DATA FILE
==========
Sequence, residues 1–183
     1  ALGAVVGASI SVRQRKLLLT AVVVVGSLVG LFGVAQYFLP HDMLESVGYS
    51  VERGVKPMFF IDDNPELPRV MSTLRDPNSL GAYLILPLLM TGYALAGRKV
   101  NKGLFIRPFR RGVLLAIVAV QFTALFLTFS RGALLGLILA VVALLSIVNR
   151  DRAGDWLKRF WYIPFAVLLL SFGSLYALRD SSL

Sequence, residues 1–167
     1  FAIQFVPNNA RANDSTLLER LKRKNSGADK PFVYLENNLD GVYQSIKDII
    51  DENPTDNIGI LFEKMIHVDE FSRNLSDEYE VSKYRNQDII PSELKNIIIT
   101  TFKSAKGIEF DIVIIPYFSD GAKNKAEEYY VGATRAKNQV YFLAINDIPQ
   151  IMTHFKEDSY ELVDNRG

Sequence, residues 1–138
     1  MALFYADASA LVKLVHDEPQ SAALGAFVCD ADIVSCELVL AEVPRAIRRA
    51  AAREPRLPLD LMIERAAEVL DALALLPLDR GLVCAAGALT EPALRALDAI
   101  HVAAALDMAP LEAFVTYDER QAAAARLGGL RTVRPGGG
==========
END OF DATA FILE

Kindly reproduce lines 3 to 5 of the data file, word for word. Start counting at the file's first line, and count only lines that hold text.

    51  VERGVKPMFF IDDNPELPRV MSTLRDPNSL GAYLILPLLM TGYALAGRKV
   101  NKGLFIRPFR RGVLLAIVAV QFTALFLTFS RGALLGLILA VVALLSIVNR
   151  DRAGDWLKRF WYIPFAVLLL SFGSLYALRD SSL